in Management & Leadership

Erwin Ephron

I learned a few weeks ago from Joe Mandese that Erwin Ephron had passed away.

Joe wrote in his obit:

Ephron, who began his career as a PR man for Nielsen, and worked for and owned several advertising agencies, became one of the advertising industry’s most influential consultants during the late 1980s and through the 1990s and early 2000s as major advertisers and agencies were trying to come to grips with the impact that the hyper fragmentation of media and accelerating advertising costs were having on the most fundamental theories of media-planning theory, including the backbone of ‘reach and frequency.’ In its place, Ephron championed a more radical notion he dubbed ‘recency,’ which freed big marketers from the notion that they had to spend exorbitant amounts of money in an attempt to reach everyone all the time. Instead, recency planning argued that the new model for media planning was to reach consumers when they were most likely to be in-market for a brand’s advertising message.

Despite his reputation as an influential media theorist and practitioner — and often a controversial thorn in the side of many — there was another side of Erwin I got to know. He was curious, generous and open to accepting new ideas.

Back in 2005, I was pitching our startup BuzzMetrics, the social listening technology and research company, later to be acquired by Nielsen. While our story of monitoring and analyzing online buzz was captivating and innovative at the time, it wasn’t taken seriously by the conventional media establishment. So by invitation of Bob Barocci, then the CEO of the Advertising Research Foundation (and another curious and generous person), I presented our work to a small group of measurement experts.

I was 27 years old at the time, and that measurement group was seasoned and intimidating. It included Erwin Ephron, and that was my first encounter with him. I had never before been interrogated so hard about our methodology and its relevance to advertising. Fortunately, we had no secrets or black box, so an engaging, transparent discussion ensued. Without question, Erwin was the most interested person in the room, and from there he became an unofficial advisor and friend to our company and me. Why was he interested in us? “Because you’re challenging the status quo without blinders on,” he said.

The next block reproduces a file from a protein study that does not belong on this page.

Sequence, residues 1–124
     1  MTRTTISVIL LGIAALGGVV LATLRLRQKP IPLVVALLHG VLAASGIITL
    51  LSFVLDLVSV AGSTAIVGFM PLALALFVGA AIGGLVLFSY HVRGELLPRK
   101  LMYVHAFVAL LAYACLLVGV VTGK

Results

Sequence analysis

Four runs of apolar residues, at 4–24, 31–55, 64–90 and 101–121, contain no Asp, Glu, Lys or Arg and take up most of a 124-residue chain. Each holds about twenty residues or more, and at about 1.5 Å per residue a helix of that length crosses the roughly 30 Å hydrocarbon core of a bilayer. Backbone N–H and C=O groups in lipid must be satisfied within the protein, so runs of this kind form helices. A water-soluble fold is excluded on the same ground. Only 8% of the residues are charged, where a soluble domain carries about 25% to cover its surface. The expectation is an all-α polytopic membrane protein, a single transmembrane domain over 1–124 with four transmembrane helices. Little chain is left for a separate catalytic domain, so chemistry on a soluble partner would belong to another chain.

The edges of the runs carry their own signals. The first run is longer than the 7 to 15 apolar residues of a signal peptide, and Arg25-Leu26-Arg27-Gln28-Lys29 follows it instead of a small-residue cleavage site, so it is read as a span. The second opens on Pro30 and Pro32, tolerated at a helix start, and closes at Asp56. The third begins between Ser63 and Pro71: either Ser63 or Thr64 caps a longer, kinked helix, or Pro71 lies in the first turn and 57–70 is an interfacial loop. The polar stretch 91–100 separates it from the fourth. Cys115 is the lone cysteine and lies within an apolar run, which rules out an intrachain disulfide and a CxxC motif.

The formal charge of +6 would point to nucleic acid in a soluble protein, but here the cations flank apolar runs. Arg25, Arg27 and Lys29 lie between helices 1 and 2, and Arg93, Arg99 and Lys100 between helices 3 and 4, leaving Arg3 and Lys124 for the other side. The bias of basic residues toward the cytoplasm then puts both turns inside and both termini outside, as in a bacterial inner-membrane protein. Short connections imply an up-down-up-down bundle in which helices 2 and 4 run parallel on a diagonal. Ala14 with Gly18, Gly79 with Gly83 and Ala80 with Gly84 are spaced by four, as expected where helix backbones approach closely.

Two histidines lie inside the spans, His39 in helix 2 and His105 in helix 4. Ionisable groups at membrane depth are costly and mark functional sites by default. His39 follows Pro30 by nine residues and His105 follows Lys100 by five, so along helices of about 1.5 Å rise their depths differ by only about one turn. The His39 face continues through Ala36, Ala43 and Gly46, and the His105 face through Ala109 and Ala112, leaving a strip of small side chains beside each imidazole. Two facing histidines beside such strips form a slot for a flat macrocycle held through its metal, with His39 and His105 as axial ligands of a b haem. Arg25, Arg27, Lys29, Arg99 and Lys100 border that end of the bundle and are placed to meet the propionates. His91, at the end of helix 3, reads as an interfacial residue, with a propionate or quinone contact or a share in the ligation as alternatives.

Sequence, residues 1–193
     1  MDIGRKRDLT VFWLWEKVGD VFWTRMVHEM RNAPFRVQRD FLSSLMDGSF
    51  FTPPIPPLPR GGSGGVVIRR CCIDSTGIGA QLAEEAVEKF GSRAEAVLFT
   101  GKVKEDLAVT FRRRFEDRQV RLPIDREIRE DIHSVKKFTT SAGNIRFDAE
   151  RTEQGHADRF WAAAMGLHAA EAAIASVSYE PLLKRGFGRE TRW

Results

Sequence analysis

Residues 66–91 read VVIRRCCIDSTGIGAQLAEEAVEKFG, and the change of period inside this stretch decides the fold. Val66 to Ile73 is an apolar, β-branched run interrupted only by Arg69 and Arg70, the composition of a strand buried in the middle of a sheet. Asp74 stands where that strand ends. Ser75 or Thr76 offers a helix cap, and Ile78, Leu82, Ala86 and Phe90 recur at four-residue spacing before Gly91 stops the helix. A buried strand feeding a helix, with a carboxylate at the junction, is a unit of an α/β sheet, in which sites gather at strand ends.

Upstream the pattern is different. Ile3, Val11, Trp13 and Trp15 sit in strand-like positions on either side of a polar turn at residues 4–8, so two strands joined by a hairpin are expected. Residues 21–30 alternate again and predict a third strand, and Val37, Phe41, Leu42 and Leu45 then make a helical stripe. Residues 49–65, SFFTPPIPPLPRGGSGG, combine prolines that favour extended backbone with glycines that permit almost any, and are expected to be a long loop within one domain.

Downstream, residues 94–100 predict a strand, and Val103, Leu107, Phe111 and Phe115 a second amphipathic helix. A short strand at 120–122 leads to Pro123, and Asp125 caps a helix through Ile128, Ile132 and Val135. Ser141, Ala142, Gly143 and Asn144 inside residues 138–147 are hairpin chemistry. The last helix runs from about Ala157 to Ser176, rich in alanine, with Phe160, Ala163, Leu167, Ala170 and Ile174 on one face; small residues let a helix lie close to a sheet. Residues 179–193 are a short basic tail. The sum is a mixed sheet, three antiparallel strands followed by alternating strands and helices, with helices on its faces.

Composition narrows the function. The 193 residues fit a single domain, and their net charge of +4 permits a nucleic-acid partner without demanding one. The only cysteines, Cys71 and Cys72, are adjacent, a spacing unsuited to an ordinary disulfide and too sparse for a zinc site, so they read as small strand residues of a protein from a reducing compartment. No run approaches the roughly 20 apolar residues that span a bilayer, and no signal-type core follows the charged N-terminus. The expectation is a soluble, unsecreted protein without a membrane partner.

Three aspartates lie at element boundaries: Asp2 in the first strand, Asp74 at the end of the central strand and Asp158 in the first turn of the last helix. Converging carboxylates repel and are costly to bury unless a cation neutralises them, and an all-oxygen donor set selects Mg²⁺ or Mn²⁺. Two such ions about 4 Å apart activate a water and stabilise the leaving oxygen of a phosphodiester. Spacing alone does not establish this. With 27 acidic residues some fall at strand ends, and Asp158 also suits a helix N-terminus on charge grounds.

In the coming months, I would often stop by his office in Midtown to share our latest innovations in buzz intelligence, and he’d rip our assumptions apart and make our value proposition stronger. In the same spirit, he gave me a copy of his anthology “Media Planning,” a classic, practical and no-B.S. text on the foundation of advertising and planning. He said I needed to know the basics in order to bridge the gap between the old world and the new. He promised to quiz me later on it, and he fulfilled that promise.

After Nielsen acquired BuzzMetrics, I moved onto new digital startup ventures. Erwin remained generous, always willing to listen and offer feedback on anything that attempted to advance the practice of advertising. I think he enjoyed the stimulation.

During our last in-depth industry conversation, three years ago, Erwin expressed concern that online advertising had still failed to prove its purpose beyond search and direct response. At the same time, he was optimistic that we’d eventually figure it out — and shake things up along the way. I feel like we’re just beginning to figure it out, and a hell of a lot is getting shaken up. He must be resting peacefully in his grave.

I’ll miss him. He provided me inspiration and confidence to challenge the status quo and always be on a pursuit for the innovative. In this world of social and mobile (and whatever else comes along), I consider his spirit “timelessly recent.”

Here’s to Erwin. Rest in peace.

  • Jonathan Carson

    What a wonderful tribute Max. Brought back really nice memories of those crazy sessions we had back in 2005. Thanks for that.

  • http://www.attentionmax.com maxkalehoff

    Thanks Jonathan. He’s one of those guys who we knew just a little bit, but a significant impact.